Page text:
Over a quarter of a century after Tim Berners-Lee’s extraordinary invention of the World Wide Web, it has become clear that the space occupied by websites in the world has had an intoxicating effect on societies across the globe.   As a blend of scientific computer systems with media and advertising – sitting somewhere between the IT Crowd and Marketing’s Mad Men – websites bring the rational and emotional together, allowing organisations (and individuals) of all shapes and sizes to grasp opportunity for growth and change – some with alacrity, many with difficulty.

In more than 15 years of producing websites for clients, I have found that projects almost invariably open up much more than expected within an organisation – frequently, a “new website” project becomes a trigger to further business development: working out brand proposition to the market, re-thinking operations, reorganising departments, understanding audiences.  A company’s website is the place where everybody – customers, suppliers, employees, potential employees, shareholders, potential investors, the media, competitors and government officers – will do at least some of their fact finding about your organisation.  And more recently, it is the place where they choose to do business with you also.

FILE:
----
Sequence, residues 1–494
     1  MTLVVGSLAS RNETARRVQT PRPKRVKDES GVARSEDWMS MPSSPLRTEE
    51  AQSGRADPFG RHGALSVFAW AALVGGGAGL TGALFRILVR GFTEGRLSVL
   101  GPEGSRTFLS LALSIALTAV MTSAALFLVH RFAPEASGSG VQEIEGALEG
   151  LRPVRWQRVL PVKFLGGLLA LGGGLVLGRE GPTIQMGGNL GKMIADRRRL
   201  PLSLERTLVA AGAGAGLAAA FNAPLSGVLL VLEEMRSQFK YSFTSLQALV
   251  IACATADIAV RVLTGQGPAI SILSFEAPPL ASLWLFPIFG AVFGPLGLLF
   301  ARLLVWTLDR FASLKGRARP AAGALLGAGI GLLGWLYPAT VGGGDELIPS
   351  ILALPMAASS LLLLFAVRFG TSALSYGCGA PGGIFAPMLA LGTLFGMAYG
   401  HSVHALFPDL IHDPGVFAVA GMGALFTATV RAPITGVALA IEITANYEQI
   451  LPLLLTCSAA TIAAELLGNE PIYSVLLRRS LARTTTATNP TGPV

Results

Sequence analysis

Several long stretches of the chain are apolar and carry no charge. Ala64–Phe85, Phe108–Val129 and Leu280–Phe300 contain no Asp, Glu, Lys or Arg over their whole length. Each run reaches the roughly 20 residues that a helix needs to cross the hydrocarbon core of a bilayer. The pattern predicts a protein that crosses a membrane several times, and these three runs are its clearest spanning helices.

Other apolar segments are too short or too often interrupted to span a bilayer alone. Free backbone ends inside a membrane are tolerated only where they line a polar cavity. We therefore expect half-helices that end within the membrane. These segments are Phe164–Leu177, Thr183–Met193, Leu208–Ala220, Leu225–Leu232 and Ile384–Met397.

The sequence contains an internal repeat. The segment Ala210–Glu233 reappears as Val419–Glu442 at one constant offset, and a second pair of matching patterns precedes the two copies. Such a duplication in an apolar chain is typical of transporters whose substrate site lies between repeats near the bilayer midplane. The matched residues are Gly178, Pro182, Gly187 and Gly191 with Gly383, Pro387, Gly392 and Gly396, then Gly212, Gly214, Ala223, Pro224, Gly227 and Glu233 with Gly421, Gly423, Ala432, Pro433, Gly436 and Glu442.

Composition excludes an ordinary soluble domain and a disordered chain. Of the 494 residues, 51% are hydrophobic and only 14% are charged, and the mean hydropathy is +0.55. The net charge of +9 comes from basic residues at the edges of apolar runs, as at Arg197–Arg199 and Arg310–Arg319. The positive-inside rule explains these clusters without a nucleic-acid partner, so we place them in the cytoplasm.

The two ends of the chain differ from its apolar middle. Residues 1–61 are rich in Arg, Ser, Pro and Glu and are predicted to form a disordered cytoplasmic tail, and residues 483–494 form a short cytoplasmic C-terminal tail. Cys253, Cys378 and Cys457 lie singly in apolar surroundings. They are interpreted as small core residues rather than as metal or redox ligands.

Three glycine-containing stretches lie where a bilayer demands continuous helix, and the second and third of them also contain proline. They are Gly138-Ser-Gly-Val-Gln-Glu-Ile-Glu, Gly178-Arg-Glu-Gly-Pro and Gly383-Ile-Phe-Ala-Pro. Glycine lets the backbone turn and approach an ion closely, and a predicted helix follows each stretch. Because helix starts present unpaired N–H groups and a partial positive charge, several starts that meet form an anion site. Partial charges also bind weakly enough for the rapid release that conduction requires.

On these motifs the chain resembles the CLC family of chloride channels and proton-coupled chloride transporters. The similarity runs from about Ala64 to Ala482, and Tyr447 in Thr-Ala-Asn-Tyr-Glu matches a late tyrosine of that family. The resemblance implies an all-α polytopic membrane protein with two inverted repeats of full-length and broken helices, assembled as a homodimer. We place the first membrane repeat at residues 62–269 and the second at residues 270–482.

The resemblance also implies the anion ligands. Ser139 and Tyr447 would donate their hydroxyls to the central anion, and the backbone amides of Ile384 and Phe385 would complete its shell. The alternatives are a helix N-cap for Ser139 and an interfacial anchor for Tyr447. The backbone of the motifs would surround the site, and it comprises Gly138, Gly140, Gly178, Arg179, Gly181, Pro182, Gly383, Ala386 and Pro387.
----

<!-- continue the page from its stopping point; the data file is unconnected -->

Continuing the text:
The opportunity to present your organisation to the whole outside world, and then invite them to interact with you online, demands attention to detail and substantial investment inside the organisation to get the benefit of having a successful website. While websites can be and often are created by one person, or a small team, using minimal resources, their success usually depends on a team effort, with contributions great and small from everyone.  Maintaining momentum to keep working on a website requires a cultural attitude that values the website and recognises its importance, preferably lead from the top.  

The past 3 months has seen drastic changes in marketing patterns, most notably in an increase in online sales and interactions.  So, while I have been told many times that websites are easy to create – that they will soon be able to be created by Artificial Intelligence, that the cost of creating them will plummet, and that there is no need to hire developers – I stand by the need of professional website design and build services at a time when they have never been more important, and I look forward to the next 25 years of continuing expansion and development of the website, as it undoubtedly continues to be at the forefront of how human beings around the world are able to collaborate ever more closely. 

You can browse the first ever website at http://info.cern.ch


Infotex CEO Ant Agar in reflective lockdown


Author: Ant Agar

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